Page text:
Joyce was 16-years old and the only girl at her school to have completed primary education when she became pregnant and contracted HIV. “A man offered me money to have sex. I did not know what contraception was,” she recalls. Food and income often became unexpectedly scarce in her hometown, which lies near the intermittent warzone area that marks the border between South Sudan, and its parent country and long-time opponent, the Republic of Sudan. Pregnancy carries enormous stigma for unmarried girls in South Sudan. Joyce remembers her sense of guilt and fear. “My parents allowed me to study instead of marriage, so I was even more frightened to tell them.”
She took one of the few options open to pregnant adolescents in South Sudan, where abortion is illegal and modern contraceptive methods are almost unheard of. Joyce sought the help of an itinerant traditional healer, who attempted to induce an abortion and left her bleeding heavily, alone and afraid for her life. Now a serious young woman of 22, she reflects on how lucky she was to survive. “When my parents found out they took me to a hospital.
They finished the abortion because I was bleeding a lot.” After nearly two months of recovery, she was released. Determined to avoid another abortion, she now visits a family planning charity in the nearby town of Malakal for contraception. With access to contraception and an understanding of how to use it, Joyce’s story had a happier ending than those of most South Sudanese women. Despite the huge risks associated with unprotected sex in South Sudan, including an HIV epidemic and one of the highest maternal mortality ratios in the world, the rate of contraceptive prevalence amongst women of childbearing age remains at just 1.7%.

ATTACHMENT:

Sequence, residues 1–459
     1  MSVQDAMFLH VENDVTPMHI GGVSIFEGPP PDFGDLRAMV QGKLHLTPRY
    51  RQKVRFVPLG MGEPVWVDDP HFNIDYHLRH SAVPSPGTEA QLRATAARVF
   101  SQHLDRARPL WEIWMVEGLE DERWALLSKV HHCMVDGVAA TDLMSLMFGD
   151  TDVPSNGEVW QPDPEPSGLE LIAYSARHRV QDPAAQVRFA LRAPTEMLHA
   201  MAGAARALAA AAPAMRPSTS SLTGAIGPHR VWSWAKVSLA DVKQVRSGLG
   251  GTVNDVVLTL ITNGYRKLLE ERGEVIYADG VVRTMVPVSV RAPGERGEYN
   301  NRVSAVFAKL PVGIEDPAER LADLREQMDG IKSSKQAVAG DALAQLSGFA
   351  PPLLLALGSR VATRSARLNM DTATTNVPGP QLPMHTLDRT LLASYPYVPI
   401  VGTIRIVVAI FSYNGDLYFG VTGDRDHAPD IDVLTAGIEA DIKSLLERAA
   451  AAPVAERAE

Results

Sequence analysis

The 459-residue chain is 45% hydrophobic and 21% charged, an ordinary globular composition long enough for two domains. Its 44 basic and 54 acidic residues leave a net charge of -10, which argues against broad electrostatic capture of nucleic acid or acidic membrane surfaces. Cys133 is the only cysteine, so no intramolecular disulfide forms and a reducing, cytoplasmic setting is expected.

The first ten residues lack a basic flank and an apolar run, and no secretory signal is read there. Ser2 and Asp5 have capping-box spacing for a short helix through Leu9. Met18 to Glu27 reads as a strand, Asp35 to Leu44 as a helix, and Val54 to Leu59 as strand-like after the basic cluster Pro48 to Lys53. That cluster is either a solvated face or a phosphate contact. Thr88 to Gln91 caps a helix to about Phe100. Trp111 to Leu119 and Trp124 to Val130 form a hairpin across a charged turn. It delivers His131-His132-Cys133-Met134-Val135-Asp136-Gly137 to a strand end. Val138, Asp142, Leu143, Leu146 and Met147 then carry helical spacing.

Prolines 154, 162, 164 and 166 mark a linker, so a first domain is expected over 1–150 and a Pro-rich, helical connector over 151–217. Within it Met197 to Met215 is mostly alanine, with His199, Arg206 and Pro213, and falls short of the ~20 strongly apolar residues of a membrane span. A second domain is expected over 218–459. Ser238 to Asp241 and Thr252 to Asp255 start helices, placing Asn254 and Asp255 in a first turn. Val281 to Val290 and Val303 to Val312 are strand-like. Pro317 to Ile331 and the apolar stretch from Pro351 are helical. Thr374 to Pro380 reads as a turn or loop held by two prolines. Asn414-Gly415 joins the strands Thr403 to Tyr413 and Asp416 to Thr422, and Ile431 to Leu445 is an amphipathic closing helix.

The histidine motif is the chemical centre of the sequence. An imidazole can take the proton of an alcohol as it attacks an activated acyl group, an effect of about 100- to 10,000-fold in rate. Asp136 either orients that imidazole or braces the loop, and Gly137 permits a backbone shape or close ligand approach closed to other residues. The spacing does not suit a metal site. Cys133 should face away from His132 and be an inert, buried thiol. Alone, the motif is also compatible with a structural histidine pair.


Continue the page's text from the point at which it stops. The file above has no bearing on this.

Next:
A 15-year-old schoolgirl in South Sudan has a higher chance of dying in childbirth than of finishing school, and those who survive can expect to face danger again, as each woman bears an average of six children in her lifetime. Family planning is not a well-understood concept throughout much of the country, and misunderstanding surrounds both the term itself and most contraceptive methods. “When you ask people what family planning is they say making sure children go to school, making sure the compound is clean,” remarks Dan Williamson, country director for Marie Stopes in South Sudan. “Those who do understand it a bit more sometimes think it’s sterilisation, and many associate it with prostitution.”
Healthcare is rudimentary in South Sudan, with a lack of basic medical supplies dating back to the 1990s. Medical facilities not in use by either the government or the SPLA rebel group became inoperable, taking a heavy toll on the training of nurses and other medical professionals.